I have had a couple occasions to drive a HMMWV at night, and both occasions left me with a deep sense of fear, and great relief when I was done and safely home. Driving behind another HMMWV trying to peer through the cloud of dust to see where the road was, and which way the driver ahead of me went, had me clutching the steering wheel like a man crazed. There were times I had to stop, because I could not see anything - the lights shone into the dust cloud in front of me, leaving me blinded. Several times I had to shout up to my gunner in the turret on top to ask which way the road went. Sometimes, he didn’t wait for me to ask, because if he waited, I would have been off the road. He would shout, “Turn Right! Turn Right!” without any prompting from me for directions. One time, if he didn’t yell for me to stop, I would have plowed into the truck ahead of me without seeing it.
But this was not nearly as bad an experience as trying to drive with night vision glasses. I have had to drive without any lights, using a monocular device that allows a Soldier to peer into the dark. Everything turns to shades of green, and depth perception and peripheral vision are completely lost. Of course, the normal problems of driving at night in Afghanistan remain - terrible roads which twist, turn and go crazily up and down over rocks and streams, with clouds of dust in between. During this driving interlude, my night vision device got clouded up, first with sweat (we don’t have functional air conditioners in our vehicles, even though air conditioning is installed in every HMMWV - they just blow hot air), then with road dust. It took me some time before I realized that the reason I had a problem seeing was because my NVG’s (night vision goggles) were coated with dust on the lenses. With that realization came a problem - I couldn’t stop and take them off and clean them, because the convoy was moving, and I needed to, as well. So I swiped the lenses of the glass with my finger to clean it as best I could, then I wiped of the inside of the windshield as well. This helped a little, so then I wiped the lenses of my eyeglasses off to complete the dust removal, and was much better able to see, and therefore better equipped to drive. I still had to call out to my gunner several times for directions, though.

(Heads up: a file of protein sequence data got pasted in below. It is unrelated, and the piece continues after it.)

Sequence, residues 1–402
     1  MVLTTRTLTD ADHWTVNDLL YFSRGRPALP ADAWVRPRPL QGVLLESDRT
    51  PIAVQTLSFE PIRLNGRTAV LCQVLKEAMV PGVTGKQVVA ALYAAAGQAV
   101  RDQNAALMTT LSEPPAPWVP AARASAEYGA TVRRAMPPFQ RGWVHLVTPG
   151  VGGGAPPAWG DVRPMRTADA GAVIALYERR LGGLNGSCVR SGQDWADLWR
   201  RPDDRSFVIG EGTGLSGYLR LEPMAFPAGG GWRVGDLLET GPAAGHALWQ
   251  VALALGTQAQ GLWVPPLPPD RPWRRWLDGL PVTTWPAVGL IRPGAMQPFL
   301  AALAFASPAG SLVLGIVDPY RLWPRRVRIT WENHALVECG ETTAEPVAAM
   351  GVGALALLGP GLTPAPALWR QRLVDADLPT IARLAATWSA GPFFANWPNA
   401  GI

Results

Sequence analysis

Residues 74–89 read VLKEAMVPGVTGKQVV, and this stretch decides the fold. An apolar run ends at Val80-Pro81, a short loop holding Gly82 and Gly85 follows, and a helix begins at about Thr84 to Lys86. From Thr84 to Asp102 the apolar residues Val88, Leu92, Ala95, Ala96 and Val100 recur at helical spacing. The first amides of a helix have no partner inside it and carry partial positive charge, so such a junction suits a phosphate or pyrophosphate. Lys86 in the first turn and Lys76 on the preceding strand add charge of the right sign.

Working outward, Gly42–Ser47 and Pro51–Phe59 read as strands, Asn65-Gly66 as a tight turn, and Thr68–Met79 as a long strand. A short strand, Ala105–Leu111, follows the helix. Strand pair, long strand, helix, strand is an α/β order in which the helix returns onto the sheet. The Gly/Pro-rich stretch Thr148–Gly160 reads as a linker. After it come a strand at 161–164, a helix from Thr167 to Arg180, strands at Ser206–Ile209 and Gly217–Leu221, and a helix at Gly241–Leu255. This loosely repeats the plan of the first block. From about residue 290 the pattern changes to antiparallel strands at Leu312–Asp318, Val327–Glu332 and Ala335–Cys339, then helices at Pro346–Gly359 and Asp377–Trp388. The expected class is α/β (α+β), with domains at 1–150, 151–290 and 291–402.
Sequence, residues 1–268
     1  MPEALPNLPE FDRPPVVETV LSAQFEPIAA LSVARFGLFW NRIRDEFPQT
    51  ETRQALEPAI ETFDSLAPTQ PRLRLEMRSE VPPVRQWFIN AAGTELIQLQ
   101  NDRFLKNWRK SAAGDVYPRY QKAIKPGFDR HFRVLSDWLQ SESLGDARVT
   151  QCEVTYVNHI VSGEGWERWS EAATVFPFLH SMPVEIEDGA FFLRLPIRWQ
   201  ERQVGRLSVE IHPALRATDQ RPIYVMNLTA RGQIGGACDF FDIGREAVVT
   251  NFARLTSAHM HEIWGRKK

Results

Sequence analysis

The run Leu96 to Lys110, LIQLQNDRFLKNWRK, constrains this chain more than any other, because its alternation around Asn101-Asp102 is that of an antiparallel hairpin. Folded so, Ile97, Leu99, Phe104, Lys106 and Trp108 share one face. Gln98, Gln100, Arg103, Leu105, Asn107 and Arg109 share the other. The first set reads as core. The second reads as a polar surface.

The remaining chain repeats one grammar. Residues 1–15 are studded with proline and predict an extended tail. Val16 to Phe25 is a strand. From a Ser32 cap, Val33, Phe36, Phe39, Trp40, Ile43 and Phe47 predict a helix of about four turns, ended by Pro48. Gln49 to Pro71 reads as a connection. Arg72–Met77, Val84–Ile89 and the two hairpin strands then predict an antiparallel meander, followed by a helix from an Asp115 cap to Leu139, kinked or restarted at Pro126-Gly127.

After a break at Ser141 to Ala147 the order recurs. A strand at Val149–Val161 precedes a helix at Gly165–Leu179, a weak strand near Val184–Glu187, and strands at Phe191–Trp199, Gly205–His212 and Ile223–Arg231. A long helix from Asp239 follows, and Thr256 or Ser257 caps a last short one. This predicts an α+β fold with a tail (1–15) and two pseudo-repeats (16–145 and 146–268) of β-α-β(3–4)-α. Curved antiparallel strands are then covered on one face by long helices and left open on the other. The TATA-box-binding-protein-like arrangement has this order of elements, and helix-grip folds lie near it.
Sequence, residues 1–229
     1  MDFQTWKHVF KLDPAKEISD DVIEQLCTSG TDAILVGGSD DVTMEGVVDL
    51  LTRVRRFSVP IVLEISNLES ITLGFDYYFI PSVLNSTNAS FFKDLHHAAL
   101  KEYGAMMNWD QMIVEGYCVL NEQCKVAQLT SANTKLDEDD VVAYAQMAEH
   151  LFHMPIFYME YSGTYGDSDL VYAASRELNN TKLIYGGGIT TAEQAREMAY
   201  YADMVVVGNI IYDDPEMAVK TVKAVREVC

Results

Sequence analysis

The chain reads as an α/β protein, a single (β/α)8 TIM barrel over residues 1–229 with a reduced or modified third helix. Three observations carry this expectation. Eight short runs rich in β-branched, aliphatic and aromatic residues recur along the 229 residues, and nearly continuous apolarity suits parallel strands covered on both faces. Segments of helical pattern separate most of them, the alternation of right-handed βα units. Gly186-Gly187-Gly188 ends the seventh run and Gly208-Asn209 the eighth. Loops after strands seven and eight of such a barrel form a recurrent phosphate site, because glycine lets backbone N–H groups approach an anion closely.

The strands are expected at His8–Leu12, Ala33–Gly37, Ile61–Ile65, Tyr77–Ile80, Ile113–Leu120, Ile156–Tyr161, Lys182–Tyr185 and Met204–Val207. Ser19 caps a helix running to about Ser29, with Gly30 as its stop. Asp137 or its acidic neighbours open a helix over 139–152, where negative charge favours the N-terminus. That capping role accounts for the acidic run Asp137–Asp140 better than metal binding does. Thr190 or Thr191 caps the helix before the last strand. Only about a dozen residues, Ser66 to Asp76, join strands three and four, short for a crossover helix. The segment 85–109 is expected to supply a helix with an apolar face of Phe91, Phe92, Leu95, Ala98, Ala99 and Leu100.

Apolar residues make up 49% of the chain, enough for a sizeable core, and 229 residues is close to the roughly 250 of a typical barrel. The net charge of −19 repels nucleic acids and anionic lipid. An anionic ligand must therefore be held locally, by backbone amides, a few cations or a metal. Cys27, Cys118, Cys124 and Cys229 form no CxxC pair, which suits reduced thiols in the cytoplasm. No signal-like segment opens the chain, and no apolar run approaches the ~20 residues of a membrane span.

On one small hill, I couldn’t see over the ridge to follow the road. As I crested the hill and started to proceed straight ahead, I heard an entire chorus of my teammate passengers yell, “Right!” in unison, letting me know I was in error. At that point, I again began asking the gunner how to move forward, and he had to tell me specific directions, as if the driver was blind. For all intents and purposes, I was.
I actually began praying and thinking of hymns in my head to keep us safe: “Be Thou My Vision” and “Open My Eyes, That I May See” came instantly to my mind. My team chief at one point became concerned as to whether I would be able to get back to the FOB safely, and asked if I was OK. I replied, “I believe so, sir.” He was content to let me continue, and we returned to our base without mishap. I considered it an answer to prayer.
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The Rev. Charles P. Henderson is a Presbyterian minister and
Executive Director of CrossCurrents.
He is the author of God and Science (John Knox Press, 1986).
A revised and expanded version of the book is appearing here. God and Science (Hypertext Edition,
He is also editor of a new book, featuring articles by world class scientists and theologians, and illustrating the leading views on the relationship between science and religion: Faith, Science and the Future (CrossCurrents Press, 2007).
Charles also tracks the boundry between the virtual and the real at his blog: Next World Design, focusing on the mediation of art, science and spirituality in the metaverse.